Meta wants to enter the cryptocurrency market with this plan. Or Lasso, an app that Meta is trying to surpass TikTok. There’s Shops, a store feature on Instagram (with which Meta wants to turn Instagram and Facebook into e-commerce giants), its podcast program, its video chat device Portal, and its Meta smartwatch project, which wants to compete with the Apple Watch, among others. Project plans have all failed.
In order to make Meta an all-purpose platform, CEO Mark Zuckerberg has invested a lot of manpower and resources in various projects. But the company leaves nothing behind except for the employees who joined these programs.
On Wednesday, Zuckerberg announced the largest layoff in Meta’s history: a total of 11,000 people, or about 13% of the company’s workforce, and nearly triple the number of layoffs at Twitter. Twitter fired 50% of its workforce on November 4. Zuckerberg blamed the layoffs on his incessant investments and a crunch in advertising revenue caused by Apple’s decision to let users manage their personal information.
But that’s only part of the reason, according to company insiders and those with knowledge of the company’s business from the outside. Today’s layoff news isn’t just due to the pandemic, a former Meta employee with knowledge of the company’s operations said he left shortly before the layoffs were announced, speaking on condition of anonymity. The layoffs may be the result of an expansion of the company’s programs over the past five to 10 years, dating back even before Zuckerberg’s obsession with the metaverse. Some of the losses can be attributed to a slew of risky and little-rewarding projects over the years at the parent company of Facebook, WhatsApp and Instagram, the former employee said. “I really can’t think of a single successful Meta app or feature in the past five years that wasn’t acquired,” the former employee said. He then mentioned Stories, a feature itself borrowed from Snapchat.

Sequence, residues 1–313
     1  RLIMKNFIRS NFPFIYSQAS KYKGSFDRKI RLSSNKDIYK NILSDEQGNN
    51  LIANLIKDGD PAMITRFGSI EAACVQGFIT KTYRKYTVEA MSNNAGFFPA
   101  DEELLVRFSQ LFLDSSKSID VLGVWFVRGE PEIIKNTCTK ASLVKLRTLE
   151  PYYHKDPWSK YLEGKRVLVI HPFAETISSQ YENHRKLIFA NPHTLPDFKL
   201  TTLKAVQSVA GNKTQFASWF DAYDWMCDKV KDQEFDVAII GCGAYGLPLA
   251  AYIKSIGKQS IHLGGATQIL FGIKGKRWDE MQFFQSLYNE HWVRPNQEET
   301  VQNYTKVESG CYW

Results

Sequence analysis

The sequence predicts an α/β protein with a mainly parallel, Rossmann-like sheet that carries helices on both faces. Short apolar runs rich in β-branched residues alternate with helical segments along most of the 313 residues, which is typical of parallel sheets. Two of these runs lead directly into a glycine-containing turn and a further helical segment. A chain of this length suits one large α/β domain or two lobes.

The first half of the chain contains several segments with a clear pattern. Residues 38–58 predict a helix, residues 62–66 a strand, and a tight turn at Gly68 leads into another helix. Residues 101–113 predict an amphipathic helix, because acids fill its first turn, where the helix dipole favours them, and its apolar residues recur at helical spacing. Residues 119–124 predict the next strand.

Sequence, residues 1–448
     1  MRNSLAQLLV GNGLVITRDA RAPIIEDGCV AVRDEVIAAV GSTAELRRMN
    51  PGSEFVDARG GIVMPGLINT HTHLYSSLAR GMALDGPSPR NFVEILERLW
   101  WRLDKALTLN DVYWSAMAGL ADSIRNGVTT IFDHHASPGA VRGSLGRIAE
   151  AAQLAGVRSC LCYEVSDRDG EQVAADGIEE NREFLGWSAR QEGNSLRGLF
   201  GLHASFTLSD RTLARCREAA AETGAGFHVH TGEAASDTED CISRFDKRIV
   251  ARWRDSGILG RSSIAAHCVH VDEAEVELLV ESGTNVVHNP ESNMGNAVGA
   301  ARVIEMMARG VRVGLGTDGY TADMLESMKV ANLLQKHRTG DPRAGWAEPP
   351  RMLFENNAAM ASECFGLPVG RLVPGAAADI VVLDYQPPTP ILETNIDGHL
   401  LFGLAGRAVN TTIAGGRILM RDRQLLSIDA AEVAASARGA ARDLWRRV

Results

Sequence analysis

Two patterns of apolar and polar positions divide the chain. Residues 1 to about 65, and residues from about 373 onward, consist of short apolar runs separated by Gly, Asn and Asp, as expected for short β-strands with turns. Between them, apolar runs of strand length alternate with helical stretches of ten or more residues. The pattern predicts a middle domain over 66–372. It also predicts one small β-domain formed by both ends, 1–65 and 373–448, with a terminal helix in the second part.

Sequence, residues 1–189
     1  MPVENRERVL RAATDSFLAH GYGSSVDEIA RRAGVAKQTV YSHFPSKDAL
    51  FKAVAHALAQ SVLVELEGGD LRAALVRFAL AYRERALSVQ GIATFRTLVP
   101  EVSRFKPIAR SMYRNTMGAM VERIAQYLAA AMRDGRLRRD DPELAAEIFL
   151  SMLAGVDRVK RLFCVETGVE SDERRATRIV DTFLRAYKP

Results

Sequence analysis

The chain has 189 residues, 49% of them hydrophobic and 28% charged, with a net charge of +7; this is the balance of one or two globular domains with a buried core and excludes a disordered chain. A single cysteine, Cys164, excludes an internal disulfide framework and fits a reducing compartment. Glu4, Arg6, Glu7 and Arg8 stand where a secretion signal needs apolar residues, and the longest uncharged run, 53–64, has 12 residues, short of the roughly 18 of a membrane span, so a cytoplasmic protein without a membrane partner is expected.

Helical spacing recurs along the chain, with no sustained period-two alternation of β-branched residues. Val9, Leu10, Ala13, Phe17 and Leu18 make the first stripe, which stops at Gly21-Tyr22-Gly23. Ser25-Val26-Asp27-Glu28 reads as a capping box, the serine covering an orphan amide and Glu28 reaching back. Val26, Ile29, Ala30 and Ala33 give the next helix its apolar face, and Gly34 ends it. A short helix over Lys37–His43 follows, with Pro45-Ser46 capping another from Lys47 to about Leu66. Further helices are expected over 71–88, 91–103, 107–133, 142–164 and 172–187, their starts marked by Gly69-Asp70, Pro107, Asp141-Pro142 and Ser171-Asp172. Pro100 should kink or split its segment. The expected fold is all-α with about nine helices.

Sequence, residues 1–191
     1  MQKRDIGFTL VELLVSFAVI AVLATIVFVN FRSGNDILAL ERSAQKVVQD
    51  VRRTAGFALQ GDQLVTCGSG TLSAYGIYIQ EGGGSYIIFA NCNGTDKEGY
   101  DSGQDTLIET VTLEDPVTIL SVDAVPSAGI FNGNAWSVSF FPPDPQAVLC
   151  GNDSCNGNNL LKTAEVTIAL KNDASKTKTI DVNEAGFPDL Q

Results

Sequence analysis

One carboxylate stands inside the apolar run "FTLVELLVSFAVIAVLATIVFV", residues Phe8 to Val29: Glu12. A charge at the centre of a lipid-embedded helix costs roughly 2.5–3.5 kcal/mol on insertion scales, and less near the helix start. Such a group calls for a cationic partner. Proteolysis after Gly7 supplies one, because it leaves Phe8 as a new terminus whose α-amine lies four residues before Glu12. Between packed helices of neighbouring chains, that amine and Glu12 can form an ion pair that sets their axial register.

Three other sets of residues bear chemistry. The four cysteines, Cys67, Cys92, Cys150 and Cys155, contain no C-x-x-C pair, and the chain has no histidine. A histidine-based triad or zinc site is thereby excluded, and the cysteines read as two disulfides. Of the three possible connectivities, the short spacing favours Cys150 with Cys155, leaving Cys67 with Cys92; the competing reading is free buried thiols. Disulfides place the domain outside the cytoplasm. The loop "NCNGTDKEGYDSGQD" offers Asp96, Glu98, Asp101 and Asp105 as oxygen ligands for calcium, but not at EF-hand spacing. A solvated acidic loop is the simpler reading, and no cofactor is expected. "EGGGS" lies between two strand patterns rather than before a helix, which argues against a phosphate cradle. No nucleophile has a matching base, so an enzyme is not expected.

The former employee also said that these projects, which are not part of Meta’s core business, are dragging the company down — which is why so many layoffs have been made this week. If every innovative attempt fails and is eventually called off, attrition occurs, a reduction in headcount that increases over time. “We’ve just launched a massive blockchain project initiative that requires hundreds of employees, if not more. What will those employees do after this project stalls? They’ll just stay and do other experiments and research.” The former employee also cited communication problems within the company that suggest employees are just a An obscure working machine.
The new program helped Facebook rapidly build up its workforce. One of the largest companies in the world, Meta is well-funded and has huge plans that touch every aspect of consumers’ lives, and the company, formerly known as Facebook, has made massive hiring. In 2017, Meta employed 25,000 people. Before the layoffs, the company had 87,000 employees. The company’s workforce has grown by an average of 28% annually over the past five years. Even after the layoffs, Meta still has three times as many employees as it did in 2017. “They’ve overhired a lot and are trying out a lot of different new projects,” said Bill George, a senior fellow at Harvard Business School. Mark Zuckerberg has no idea what he wants from his company. George pointed to the rebranding of Facebook as Meta as an example of the uncertainty about the company’s future direction: The name change signals that perhaps Zuckerberg feels that Facebook and Instagram and WhatsApp are irreversibly drifting apart, while He wants to move to VR. But that apparently hasn’t paid off. Meta did not immediately respond to this comment.
“Meta’s layoffs are an ominous omen for Zuckerberg’s dark days ahead,” said Dan Ives, managing director and senior equity analyst at Wedbush Securities. He and Harvard’s George both questioned Zuckerberg’s decision to go all-in on the metaverse. George said:
He also said that other tech companies have successfully separated the roles of founder and CEO, including Microsoft, Amazon, Apple and Oracle. Mark can focus on fulfilling his expectations for Meta, but at the same time, someone has to run the business better, and many of the company’s advertising partners are ending, and advertising is the source of Meta’s revenue.
The former employee believes that Meta’s unbridled expansion and the ghost employees left inside the company have been Meta’s fatal flaw. “Companies have been growing and no one has really thought about: Why do we keep expanding? Do we really need to hire new people, or are we just hiring for the sake of hiring?” he said.